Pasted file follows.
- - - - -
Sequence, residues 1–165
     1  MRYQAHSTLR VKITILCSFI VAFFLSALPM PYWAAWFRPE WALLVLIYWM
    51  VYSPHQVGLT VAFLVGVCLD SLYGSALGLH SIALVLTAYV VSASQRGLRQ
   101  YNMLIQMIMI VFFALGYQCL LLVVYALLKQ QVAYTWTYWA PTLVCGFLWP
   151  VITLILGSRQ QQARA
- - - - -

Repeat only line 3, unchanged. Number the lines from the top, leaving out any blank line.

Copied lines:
    51  VYSPHQVGLT VAFLVGVCLD SLYGSALGLH SIALVLTAYV VSASQRGLRQ